Curbing mercury usePhilippine Daily Inquirer
Artisanal mining remains illegal in many areas where sites operate and miners tend to migrate to places where better gold resources are found. There is very little communication between the sector, society and government authorities. Authorities can put policies in place to reduce the impact of mercury on artisanal and small-scale mining by:
- Reducing mercury supply
- Implementing technological controls
- Reducing quantities of goods that result
- in mercury emission
- Creating mercury-emission taxes
- Using cap-and-trade approaches
- Controlling subsidies and restrictions on the sale and disposal of mercury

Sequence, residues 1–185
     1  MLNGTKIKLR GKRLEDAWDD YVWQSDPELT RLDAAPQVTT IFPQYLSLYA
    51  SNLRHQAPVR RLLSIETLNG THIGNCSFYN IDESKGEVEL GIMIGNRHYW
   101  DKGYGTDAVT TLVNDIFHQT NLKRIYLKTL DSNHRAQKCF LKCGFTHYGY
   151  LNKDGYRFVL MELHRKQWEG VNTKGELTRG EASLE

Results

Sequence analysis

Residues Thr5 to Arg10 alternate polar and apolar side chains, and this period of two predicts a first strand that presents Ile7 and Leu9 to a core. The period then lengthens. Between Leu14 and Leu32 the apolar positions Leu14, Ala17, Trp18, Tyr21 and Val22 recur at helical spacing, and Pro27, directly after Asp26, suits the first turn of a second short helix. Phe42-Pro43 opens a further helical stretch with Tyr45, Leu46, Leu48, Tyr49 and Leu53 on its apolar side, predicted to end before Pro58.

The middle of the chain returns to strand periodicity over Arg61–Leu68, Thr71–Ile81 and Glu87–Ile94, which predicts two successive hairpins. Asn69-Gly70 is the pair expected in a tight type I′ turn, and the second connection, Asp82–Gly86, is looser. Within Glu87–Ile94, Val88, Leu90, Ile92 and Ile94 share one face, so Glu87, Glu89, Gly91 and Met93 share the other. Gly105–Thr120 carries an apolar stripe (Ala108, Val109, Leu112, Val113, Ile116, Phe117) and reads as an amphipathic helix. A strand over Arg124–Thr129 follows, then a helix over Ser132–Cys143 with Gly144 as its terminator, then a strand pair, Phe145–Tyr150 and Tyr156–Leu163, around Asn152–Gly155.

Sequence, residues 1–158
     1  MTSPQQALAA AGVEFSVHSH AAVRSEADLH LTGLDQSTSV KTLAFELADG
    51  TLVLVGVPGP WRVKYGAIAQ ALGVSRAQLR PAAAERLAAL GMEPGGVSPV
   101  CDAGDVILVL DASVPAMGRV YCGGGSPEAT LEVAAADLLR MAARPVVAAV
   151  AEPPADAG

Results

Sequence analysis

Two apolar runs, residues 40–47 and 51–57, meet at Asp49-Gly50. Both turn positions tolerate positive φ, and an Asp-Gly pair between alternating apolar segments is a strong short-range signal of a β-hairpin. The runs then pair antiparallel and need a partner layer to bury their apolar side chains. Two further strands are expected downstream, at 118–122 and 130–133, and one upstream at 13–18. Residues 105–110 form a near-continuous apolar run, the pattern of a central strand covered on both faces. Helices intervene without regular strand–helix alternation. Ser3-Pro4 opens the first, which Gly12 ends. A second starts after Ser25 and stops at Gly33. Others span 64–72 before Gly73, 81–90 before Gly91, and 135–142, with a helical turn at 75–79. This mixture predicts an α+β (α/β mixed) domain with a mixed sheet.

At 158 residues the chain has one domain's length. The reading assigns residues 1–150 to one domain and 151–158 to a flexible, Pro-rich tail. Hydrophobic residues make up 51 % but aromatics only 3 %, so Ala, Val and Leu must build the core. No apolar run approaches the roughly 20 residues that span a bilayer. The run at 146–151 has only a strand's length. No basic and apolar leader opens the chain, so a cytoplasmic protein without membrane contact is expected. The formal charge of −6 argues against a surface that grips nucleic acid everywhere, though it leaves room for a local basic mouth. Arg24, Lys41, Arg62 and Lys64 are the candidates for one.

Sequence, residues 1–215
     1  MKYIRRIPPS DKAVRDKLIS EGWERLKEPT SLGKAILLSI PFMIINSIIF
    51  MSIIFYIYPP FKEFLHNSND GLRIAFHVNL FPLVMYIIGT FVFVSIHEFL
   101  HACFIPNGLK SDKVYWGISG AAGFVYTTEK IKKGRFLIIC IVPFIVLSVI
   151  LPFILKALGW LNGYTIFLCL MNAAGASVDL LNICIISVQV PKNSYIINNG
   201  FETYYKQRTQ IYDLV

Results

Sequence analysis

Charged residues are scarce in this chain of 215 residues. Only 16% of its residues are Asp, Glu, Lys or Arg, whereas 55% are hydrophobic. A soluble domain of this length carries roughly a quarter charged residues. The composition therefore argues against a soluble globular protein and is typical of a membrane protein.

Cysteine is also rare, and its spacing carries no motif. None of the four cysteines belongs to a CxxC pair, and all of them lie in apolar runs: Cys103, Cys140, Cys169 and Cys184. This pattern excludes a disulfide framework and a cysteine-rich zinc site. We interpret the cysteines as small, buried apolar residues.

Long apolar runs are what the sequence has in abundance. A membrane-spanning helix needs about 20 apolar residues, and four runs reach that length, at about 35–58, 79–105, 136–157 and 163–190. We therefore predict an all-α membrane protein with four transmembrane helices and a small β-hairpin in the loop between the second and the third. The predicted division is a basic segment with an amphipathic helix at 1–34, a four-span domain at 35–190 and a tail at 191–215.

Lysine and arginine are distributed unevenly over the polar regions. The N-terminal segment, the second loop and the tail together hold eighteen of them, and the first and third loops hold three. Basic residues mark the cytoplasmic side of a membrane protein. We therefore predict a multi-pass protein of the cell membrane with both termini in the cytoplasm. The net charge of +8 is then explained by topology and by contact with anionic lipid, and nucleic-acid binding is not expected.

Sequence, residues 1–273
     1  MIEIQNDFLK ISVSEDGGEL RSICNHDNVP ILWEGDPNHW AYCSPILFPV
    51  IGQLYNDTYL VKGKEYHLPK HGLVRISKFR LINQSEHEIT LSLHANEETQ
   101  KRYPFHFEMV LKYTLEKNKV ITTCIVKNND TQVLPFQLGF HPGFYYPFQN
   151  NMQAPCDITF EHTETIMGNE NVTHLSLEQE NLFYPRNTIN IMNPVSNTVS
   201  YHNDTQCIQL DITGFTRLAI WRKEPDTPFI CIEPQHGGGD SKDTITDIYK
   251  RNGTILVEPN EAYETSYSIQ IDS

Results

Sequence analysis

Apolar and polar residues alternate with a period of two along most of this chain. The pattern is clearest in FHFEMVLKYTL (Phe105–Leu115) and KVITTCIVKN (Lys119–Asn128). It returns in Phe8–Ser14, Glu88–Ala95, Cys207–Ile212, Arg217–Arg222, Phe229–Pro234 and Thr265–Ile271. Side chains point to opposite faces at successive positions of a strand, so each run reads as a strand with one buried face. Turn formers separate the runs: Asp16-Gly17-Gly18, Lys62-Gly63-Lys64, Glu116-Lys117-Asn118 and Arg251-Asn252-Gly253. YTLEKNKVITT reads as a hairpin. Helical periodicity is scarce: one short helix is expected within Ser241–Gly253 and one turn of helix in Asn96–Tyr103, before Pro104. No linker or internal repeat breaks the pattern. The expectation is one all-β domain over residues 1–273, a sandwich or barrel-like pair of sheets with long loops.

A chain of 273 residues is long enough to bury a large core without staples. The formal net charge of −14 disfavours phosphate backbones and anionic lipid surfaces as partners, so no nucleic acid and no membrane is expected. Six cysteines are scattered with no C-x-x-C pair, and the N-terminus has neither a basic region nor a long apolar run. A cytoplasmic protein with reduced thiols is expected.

- Improving communication on fish consumption, occupational risks and product labeling.
However, the most sustainable solution is to educate small-scale miners to formalize and legalize their activities. This is the first step required to transform this squad of unprivileged miners into citizens, creating a structure for them to form organized small-scale industries. In fact, this can be a long-term solution for the migration of people from rural areas to urban centers.
Unep Global Mercury project
Short URL: http://opinion.inquirer.net/?p=25121